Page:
Inheritance Alimony mobile alabama

Do I Have to Tell My Ex or the Court If I Receive a Large Inheritance?

When you get divorced, you get a certain amount of freedom from your ex. While you may still have children to co-parent together or share financial responsibility via child support or alimony, a divorce should give you some breathing room. But what happens if you receive a sizable inheritance? Does it have the potential to affect child support or spousal support? It’s important to discuss your concerns with your Mobile, AL divorce lawyer right away to avoid potential issues. Call Kirk Drennan Law at 205-953-1424 to set up a consultation with our team immediately.

Review Your Paperwork

If your divorce is finalized, go through your divorce settlement agreement line by line. If either was anticipating an inheritance at the time of the divorce, it’s possible that the agreement specifies what will happen to spousal support or child support payments should one party receive an inheritance. This is perhaps the best outcome for you, as you don’t have to think about all the potential outcomes of your situation—it’s there in black and white. You should discuss it with your Mobile, AL divorce lawyer to understand what you should expect.

Consider Which End of the Spousal Support Agreement You’re On

It is likely that either party’s inheritance will not be included in the marital settlement agreement, as these things are hard to predict. Much may depend on whether you receive spousal support or pay it. If you currently receive spousal support, you should absolutely disclose that to your attorney and follow their advice.

It is also likely that your inheritance will affect your spousal support payments—in most cases, those payments are meant to tide you over until you become self-sufficient. If your inheritance is large enough to live on, you may lose some or all of your spousal support payments. The court will likely not force your ex-spouse to continue financially supporting you if you are capable of doing so.

If you pay spousal support, there is a chance that your ex-spouse will petition the court to ask them to increase their monthly payments. However, for these efforts to be successful, they’ll need to prove that their needs have changed and an increase is warranted. They cannot simply have payments increased because they would like to access your inheritance.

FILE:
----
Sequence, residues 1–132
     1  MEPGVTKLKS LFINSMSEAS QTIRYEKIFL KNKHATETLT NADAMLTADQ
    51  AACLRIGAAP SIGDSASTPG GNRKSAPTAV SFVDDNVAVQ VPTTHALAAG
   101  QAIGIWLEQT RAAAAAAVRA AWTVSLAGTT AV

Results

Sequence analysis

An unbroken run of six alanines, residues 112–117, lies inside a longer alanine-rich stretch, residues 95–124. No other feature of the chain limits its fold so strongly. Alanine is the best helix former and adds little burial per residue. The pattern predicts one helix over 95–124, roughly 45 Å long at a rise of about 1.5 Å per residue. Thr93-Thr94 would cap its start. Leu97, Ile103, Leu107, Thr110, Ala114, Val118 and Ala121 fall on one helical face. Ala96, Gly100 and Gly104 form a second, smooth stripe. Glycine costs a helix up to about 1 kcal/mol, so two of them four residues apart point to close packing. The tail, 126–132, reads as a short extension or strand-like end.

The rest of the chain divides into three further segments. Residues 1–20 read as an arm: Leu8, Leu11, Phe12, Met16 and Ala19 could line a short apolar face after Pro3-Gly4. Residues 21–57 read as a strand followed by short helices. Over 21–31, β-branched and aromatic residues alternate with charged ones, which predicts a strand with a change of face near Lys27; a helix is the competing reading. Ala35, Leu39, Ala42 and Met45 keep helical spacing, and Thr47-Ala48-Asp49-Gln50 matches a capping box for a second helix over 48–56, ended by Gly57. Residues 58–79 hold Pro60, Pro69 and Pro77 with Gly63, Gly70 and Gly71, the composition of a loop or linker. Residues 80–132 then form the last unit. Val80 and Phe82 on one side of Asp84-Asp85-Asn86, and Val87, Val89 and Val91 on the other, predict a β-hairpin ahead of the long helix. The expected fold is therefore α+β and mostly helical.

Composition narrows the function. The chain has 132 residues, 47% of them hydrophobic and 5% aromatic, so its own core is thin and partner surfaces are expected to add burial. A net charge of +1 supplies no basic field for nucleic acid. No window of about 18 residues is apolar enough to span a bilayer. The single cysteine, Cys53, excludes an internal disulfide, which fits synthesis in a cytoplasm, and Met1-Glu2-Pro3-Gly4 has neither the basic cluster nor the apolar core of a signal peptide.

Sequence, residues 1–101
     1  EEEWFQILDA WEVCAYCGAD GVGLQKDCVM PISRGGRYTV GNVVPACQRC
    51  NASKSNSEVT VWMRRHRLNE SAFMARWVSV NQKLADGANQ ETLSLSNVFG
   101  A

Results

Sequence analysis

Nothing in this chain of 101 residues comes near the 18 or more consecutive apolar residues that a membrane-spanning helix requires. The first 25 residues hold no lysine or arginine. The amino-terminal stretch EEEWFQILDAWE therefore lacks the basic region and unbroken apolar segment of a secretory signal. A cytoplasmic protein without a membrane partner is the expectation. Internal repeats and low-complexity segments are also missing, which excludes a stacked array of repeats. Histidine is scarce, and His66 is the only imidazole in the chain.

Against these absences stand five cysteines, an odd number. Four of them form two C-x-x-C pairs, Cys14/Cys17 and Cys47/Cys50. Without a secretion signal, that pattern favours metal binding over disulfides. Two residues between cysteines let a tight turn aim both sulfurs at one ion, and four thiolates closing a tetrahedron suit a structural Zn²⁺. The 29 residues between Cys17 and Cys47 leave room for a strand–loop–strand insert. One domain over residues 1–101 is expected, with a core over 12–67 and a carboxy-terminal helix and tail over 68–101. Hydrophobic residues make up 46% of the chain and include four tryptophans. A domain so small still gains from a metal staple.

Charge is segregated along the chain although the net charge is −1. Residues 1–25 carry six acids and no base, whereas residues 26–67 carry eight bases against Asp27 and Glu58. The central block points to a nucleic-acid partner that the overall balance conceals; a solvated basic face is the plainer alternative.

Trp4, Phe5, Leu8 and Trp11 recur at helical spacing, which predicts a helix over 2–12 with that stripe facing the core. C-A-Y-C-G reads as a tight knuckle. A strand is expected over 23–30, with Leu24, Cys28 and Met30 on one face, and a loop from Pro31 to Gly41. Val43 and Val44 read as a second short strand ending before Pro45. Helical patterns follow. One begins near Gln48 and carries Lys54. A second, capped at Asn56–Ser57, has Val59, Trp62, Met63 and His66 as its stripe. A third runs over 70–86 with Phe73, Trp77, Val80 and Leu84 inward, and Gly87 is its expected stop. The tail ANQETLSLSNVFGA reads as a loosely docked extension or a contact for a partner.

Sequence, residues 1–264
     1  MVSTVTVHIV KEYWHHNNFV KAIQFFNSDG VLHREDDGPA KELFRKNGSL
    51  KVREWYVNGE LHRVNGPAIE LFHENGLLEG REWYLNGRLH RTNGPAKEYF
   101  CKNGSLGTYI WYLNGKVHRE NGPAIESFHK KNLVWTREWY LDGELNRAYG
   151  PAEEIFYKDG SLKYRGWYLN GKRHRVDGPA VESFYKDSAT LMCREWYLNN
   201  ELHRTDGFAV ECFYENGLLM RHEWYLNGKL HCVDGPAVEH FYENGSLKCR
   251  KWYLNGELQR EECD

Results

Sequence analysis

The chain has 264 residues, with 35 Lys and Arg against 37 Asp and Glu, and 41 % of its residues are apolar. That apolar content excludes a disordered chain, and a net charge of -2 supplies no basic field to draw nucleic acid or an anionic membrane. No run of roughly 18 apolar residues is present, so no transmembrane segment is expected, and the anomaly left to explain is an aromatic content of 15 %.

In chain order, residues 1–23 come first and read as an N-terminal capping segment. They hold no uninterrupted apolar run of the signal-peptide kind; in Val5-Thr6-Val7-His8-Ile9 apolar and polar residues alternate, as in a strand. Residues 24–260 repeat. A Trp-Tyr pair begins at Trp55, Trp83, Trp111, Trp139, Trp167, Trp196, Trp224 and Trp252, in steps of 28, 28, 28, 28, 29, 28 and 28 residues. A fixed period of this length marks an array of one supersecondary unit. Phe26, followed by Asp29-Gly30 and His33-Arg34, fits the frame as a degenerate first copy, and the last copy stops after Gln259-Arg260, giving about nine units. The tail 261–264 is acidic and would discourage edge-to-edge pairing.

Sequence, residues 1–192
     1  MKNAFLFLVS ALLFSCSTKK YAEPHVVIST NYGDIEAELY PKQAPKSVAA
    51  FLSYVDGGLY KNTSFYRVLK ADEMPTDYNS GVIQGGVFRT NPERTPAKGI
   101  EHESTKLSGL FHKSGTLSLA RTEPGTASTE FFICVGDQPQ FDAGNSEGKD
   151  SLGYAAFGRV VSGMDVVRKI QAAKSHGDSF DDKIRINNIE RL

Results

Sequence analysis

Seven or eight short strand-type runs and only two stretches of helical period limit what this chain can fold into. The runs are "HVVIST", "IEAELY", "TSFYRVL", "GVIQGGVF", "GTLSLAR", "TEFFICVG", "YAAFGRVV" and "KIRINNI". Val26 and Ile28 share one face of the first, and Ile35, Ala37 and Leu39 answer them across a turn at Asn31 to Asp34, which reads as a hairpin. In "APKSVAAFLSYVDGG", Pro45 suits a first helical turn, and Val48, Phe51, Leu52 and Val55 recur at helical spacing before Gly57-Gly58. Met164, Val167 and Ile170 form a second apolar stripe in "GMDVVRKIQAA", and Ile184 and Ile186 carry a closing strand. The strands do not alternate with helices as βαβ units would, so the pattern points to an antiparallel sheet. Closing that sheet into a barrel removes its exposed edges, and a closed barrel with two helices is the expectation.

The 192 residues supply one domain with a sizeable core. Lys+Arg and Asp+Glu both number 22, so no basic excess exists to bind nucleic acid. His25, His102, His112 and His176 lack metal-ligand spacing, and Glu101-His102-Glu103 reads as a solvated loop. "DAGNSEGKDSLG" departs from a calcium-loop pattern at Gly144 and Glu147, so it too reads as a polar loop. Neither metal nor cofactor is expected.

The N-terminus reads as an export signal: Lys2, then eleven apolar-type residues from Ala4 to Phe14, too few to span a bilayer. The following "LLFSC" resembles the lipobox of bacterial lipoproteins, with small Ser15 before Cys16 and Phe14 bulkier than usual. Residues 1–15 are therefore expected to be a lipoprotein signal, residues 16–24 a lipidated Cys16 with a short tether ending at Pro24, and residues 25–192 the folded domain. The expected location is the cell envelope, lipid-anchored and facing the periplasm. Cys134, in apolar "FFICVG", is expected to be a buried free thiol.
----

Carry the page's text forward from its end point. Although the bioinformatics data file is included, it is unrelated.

It’s also possible that child support will be affected by an inheritance. If the party paying child support stops working and lives off of their inheritance or its proceeds, it’s not fair for their child to be left without financial support simply because one parent has an untraditional source of income. The court may then base payments on the funds and assets available to the party paying support.

Current Status of the Inheritance

The court will not consider an inheritance until the party in question has actually passed away and the affected spouse has received their assets. People often try to sway the outcome of a family law case by referring to an inheritance that either party will receive at some point in the future. However, you can’t base current financial decisions on money that may or may not materialize in the future.

What If You’re in the Middle of a Divorce?

Should you receive an inheritance during a divorce, know that inheritances are generally considered separate assets. The odds of the court ordering you to split it with your ex are very low. There is a chance, though, that it will impact how marital assets are split, your alimony obligations, or your child support payments. If spousal support was not on the table before, it’s unlikely that an inheritance will change it.

Spousal support aims to help a lower-earning spouse continue the same lifestyle and standard of living that they enjoyed during the marriage. If you receive your inheritance after you have already started living separately, they never lived off of your inheritance and so never acclimated to the standard of living it could provide. But every situation is unique, and it’s crucial to discuss all potential outcomes with your Mobile, AL lawyer.

Plan for Your Divorce with Kirk Drennan Law

The sooner you contact the team at Kirk Drennan Law, the sooner we can begin working on your divorce case. Set up your consultation with our team of high-asset divorce lawyers by calling us at 205-953-1424 or reaching out to us online.

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